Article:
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With 2021 Off To A Rocky Start, There's At Least New Music To Listen To


2021 was supposed to be better than 2020, and right now, that's looking questionable. But there are some good things coming our way, like new music.

STEPHEN THOMPSON, BYLINE: I'm Stephen Thompson with NPR Music and Pop Culture Happy Hour. Looking ahead to new music in 2021, you inevitably, like, will name all these huge names - you know, Kendrick Lamar and Adele and Rihanna and Cardi B. But where I think the pandemic has really hurt new music is in the ability of new and rising artists to attract attention and momentum.

About a year ago, there was this band coming up in the U.K. called Black Country, New Road that was supposed to be kind of one of the big discoveries of 2020.


THOMPSON: They had just put out a couple of singles. They were about to play South by Southwest, and South by Southwest ended up getting canceled. And they had this reputation for these amazing live shows. Let's listen to a little bit of their song "Science Fair" just to get a sense of the intensity that you can imagine hearing live.


BLACK COUNTRY, NEW ROAD: (Singing) And still with sticky hands, I bolted through the gallery with cola stains on my best white shirt and nothing to lose. Oh, I was born to run. It's black country out there. It's black country out there. It's black country out there.

THOMPSON: Black Country, New Road, it's a group of kind of art school kids in their early 20s. The music mixes kind of free jazz and postpunk and spoken word and little bits of, like, klezmer and African music. It's very arty and frantic and hypnotic, but it's also kind of beautiful at the same time. Their debut album comes out February 5. It's called "For The First Time."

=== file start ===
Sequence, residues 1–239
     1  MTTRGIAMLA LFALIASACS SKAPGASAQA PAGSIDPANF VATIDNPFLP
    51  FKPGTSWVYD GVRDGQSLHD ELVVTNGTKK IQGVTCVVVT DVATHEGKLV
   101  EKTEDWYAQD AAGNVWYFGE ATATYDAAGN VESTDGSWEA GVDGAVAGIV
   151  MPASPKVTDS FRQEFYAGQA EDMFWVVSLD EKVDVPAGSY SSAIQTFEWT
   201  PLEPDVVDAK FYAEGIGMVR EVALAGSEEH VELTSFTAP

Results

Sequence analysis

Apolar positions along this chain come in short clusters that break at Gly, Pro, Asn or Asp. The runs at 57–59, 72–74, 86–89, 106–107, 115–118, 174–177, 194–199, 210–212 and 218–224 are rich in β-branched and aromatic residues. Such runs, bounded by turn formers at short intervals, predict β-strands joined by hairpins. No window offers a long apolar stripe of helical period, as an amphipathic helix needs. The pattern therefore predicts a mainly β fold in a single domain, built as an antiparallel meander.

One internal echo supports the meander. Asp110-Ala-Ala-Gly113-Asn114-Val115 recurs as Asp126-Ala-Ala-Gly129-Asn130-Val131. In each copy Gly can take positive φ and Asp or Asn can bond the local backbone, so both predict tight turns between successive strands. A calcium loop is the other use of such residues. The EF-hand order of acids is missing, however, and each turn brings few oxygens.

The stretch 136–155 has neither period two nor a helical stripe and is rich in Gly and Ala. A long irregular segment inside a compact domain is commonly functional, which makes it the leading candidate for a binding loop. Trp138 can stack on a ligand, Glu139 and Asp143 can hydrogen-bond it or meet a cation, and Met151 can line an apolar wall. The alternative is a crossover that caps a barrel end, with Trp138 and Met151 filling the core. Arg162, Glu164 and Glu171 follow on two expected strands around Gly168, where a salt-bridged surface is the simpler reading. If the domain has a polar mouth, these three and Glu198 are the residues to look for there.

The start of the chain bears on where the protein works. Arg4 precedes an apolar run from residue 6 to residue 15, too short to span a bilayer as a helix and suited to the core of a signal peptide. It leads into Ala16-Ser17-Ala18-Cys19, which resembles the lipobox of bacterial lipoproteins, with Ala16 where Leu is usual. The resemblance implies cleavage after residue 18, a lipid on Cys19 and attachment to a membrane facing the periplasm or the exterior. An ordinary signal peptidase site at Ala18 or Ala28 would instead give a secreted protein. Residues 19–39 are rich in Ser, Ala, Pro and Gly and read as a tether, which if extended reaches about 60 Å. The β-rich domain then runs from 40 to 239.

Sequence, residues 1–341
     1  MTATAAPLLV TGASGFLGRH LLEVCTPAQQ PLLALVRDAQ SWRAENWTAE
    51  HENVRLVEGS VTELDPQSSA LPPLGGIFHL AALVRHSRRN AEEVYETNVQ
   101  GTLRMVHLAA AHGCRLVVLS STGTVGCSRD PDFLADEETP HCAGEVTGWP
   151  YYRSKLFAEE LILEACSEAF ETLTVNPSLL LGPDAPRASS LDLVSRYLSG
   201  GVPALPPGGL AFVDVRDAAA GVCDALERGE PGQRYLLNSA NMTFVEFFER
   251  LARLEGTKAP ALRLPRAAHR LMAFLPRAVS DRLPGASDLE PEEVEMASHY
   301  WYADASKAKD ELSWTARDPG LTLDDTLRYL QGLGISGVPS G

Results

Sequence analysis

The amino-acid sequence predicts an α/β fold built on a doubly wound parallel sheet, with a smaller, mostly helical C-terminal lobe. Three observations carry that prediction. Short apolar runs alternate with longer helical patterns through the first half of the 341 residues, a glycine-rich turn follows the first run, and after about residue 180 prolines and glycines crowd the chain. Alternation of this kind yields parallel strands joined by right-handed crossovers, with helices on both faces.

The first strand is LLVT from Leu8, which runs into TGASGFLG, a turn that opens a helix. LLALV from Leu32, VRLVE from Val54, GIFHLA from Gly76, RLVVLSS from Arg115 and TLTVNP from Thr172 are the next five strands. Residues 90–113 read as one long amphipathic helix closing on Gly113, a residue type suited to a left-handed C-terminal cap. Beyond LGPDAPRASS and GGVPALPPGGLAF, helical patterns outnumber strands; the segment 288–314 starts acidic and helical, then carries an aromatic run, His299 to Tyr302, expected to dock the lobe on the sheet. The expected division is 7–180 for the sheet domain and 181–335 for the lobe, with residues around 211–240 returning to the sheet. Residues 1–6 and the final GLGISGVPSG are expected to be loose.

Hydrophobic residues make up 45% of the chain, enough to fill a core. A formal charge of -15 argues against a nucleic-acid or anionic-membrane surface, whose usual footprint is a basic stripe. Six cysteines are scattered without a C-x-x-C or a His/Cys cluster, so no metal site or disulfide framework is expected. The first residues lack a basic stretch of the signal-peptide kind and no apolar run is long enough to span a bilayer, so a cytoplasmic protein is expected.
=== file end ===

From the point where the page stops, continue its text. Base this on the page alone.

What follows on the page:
THOMPSON: Another new artist I'm really loving for this new year is kind of a slacker pop star in the making. Their name is Claud. That's C-L-A-U-D. Claud is 21-year-old Claud Mintz, who writes these kind of wry and ambivalent bedroom pop songs. Let's hear a little bit of the song "Soft Spot."


CLAUD: (Singing) This sounds kind of strange. I thought I saw you at a party. But I finally got close. It wasn't you. I know we don't talk right now. But if I saw you, I'd sit down and ask about your afternoon.

THOMPSON: There's such a kind of magical mix of weariness and dreaminess going on. Claud is the first artist to sign to Phoebe Bridgers' new label. It's called Saddest Factory, which kind of gives you a sense of the sensibility of not only Claud, but also Phoebe Bridgers herself. It's just songs about being young and figuring out your identity, figuring out what you want out of relationships. And at the same time, there's this seemingly effortless sparkle to their music that gives it a real kick all the way through.


CLAUD: (Singing) You told me that it's over now. But I can't help that I think about all the things that we used to do 'cause I've got a soft spot...

KING: That was Stephen Thompson of NPR Music with two of the records he's looking forward to in 2021, "Super Monster" by Claud and Black Country, New Road's album "For The First Time." Transcript provided by NPR, Copyright NPR.

Stephen Thompson is a writer, editor and reviewer for NPR Music, where he speaks into any microphone that will have him and appears as a frequent panelist on All Songs Considered. Since 2010, Thompson has been a fixture on the NPR roundtable podcast Pop Culture Happy Hour, which he created and developed with NPR correspondent Linda Holmes. In 2008, he and Bob Boilen created the NPR Music video series Tiny Desk Concerts, in which musicians perform at Boilen's desk. (To be more specific, Thompson had the idea, which took seconds, while Boilen created the series, which took years. Thompson will insist upon equal billing until the day he dies.)
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